India is indeed only too familiar with such corruption. A study by the campaign group Transparency International in 2005 found that more than 50 per cent of Indians had firsthand experience of paying a bribe or peddling influence to get a job done in public office. Even before the thick bundles of cash were waved around in the parliament building on Tuesday, there had been serious allegations of foul-play surrounding this vote. A week before, the leader of the Communist Party, A.B. Bhardan, argued it was no secret that votes were being exchanged for large amounts of money: “It is not a question of a few million but more than 250 million rupees (£3 million) for this horsetrading,” he said at a public meeting last week.

It is an indication of the importance of the deal with the US that both those in favour as well as those against the agreement have been trying desperately to woo members of parliament with promises of influence and lucrative jobs. One prominent MP, Ajit Singh, was even offered to have an airport named after his father, Charan Singh, a former prime minister. The government insisted the timing of this offer was purely coincidental.

As well as the cash, the BJP claim to have hidden camera footage of a member of the government-supporting Samajwadi Party (SP) handing them the money.

SP leader Amar Singh, one of the MP’s being accused, insists the allegations are baseless: “This is a conspiracy by the BJP. If they have such a tape why don’t they just show it?”

If the accusations are proven to be true it will prove a massive embarrassment for the government and its allies and those involved could face lengthy prison sentences under the 1988 Prevention of Corruption Act.

The BJP may be taking the high moral ground this time but the party is no stranger to corruption allegations itself. In 2001, the BJP’s president at the time, Bangaru Laxman, was caught on film casually accepting the equivalent of a £1500 bribe to give the go-ahead for the Indian military to buy hand-held thermal imaging cameras from journalists posing as arms dealers.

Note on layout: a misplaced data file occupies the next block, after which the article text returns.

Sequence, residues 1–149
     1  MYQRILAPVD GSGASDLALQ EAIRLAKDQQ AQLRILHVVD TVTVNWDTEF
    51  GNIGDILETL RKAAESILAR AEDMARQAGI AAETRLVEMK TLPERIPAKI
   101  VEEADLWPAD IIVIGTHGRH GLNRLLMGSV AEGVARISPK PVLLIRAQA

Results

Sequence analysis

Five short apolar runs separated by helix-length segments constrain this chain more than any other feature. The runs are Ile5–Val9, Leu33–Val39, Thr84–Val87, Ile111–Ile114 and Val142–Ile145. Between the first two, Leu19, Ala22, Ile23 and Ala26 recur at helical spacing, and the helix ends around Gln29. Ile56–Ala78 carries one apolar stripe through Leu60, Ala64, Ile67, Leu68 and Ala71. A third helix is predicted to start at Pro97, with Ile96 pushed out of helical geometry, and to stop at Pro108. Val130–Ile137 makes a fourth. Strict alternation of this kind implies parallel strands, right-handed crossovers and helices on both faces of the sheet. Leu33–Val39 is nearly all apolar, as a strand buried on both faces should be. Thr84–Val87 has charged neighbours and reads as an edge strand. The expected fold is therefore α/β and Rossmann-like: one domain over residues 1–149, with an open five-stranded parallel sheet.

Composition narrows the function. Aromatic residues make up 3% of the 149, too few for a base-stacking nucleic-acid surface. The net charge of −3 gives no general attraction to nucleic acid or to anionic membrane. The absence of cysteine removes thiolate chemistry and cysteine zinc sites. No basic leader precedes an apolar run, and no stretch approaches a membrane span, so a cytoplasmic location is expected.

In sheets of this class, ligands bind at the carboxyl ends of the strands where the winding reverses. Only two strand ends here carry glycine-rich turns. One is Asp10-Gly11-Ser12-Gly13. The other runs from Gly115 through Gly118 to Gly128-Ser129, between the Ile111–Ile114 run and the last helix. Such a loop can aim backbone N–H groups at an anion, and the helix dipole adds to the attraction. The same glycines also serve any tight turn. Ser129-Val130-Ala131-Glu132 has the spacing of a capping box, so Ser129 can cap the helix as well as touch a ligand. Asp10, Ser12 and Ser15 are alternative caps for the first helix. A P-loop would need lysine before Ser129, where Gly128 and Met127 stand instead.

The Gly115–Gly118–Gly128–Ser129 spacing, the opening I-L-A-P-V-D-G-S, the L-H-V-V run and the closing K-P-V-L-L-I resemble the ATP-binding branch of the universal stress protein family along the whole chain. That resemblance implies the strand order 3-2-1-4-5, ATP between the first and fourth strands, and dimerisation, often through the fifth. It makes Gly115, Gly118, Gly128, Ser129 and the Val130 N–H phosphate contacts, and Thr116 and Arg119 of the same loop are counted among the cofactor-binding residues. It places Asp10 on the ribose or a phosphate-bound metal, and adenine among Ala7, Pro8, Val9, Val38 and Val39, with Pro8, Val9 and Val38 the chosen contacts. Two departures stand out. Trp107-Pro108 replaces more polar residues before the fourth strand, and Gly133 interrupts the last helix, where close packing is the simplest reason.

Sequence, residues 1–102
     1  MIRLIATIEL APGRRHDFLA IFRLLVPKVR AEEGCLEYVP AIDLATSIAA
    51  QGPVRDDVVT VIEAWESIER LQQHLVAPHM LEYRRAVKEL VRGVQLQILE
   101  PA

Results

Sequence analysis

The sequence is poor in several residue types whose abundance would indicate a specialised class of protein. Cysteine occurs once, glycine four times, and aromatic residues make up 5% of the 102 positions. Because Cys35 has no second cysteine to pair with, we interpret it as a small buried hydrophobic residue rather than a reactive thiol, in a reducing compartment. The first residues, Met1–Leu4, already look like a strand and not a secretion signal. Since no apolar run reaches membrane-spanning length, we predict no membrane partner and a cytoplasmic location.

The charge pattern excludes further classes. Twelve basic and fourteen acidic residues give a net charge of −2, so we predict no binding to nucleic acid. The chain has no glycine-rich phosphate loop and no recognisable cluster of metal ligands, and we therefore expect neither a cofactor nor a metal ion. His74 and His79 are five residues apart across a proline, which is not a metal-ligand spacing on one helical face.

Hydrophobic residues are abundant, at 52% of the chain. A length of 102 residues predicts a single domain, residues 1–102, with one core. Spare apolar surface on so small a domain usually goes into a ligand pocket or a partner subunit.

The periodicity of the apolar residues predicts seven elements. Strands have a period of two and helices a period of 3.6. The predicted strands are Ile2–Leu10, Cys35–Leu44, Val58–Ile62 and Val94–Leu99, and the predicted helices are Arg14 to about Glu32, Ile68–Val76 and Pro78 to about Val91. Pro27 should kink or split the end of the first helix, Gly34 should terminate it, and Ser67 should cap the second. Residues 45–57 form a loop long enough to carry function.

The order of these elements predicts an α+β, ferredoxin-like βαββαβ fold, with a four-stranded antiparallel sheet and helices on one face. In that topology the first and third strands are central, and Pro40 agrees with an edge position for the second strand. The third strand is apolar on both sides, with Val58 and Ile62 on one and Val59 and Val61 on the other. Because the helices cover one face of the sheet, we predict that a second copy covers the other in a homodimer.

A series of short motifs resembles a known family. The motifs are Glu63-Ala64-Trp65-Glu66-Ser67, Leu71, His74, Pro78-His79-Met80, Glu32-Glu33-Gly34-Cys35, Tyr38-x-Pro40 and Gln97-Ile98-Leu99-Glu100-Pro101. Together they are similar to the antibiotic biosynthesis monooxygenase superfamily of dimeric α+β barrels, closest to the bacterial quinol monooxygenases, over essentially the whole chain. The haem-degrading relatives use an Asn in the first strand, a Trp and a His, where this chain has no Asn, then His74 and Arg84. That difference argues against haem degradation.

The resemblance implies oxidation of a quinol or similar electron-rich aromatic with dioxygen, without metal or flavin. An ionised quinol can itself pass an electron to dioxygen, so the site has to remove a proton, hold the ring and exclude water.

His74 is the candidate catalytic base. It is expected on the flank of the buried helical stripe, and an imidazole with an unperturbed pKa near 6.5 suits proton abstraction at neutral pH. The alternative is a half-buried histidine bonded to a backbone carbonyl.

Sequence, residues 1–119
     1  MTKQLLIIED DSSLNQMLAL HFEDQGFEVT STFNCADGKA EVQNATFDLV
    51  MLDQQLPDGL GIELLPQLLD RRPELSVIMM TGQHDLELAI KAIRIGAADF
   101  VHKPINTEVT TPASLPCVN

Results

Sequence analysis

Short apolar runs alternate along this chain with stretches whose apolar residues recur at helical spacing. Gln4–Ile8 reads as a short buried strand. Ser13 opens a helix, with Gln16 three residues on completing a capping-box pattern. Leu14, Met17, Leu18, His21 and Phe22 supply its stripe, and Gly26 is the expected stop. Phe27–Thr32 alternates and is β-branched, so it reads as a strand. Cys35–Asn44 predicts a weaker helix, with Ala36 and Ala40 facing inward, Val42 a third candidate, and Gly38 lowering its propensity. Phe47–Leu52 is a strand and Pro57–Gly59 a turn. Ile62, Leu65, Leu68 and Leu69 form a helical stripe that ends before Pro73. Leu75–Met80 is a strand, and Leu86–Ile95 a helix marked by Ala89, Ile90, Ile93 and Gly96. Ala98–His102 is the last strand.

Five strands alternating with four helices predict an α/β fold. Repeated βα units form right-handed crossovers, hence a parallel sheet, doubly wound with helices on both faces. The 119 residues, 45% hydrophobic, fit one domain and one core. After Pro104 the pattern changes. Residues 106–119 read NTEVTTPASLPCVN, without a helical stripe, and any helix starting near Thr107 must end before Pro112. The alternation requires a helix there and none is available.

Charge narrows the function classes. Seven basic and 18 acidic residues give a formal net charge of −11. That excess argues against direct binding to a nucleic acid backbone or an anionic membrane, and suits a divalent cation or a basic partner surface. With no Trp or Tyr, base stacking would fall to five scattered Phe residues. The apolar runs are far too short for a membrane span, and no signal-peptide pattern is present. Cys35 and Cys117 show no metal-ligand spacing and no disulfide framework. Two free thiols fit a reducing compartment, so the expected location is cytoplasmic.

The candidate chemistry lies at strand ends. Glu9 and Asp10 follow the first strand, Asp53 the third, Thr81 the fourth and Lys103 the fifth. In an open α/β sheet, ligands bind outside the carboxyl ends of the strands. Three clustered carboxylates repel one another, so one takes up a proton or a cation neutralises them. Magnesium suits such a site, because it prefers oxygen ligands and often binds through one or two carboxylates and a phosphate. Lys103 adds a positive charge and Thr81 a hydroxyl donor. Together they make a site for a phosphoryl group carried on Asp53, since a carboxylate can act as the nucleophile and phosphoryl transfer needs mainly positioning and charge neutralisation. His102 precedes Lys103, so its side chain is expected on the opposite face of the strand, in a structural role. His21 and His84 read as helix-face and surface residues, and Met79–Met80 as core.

This high profile sting exposed an intricate web of official corruption which ran vertically to almost the very top of Indian politics. But after the initial uproar things soon returned to normal, the defence minister resigned only to be reinstated, and it became clear exposure made little difference.

The Indian government may have won its confidence vote but many Indians feel the chaotic scenes shown on Tuesday from inside the parliament, the first time a vote of this kind had been fully covered live on television, have left a permanent stain on India’s reputation as the world’s largest democracy.

“It is so embarrassing,” says Monika Mehra, a shop worker from Delhi. “The whole world was watching that circus, I can only guess what they must be thinking about our country.”

Jeremy Corbyn. Photo: Getty
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Lexit: the EU is a neoliberal project, so let's do something different when we leave it

Brexit affords the British left a historic opportunity for a decisive break with EU market liberalism.

The Brexit vote to leave the European Union has many parents, but "Lexit" – the argument for exiting the EU from the left – remains an orphan. A third of Labour voters backed Leave, but they did so without any significant leadership from the Labour Party. Left-of-centre votes proved decisive in determining the outcome of a referendum that was otherwise framed, shaped, and presented almost exclusively by the right. A proper left discussion of the issues has been, if not entirely absent, then decidedly marginal – part of a more general malaise when it comes to developing left alternatives that has begun to be corrected only recently, under Jeremy Corbyn and John McDonnell.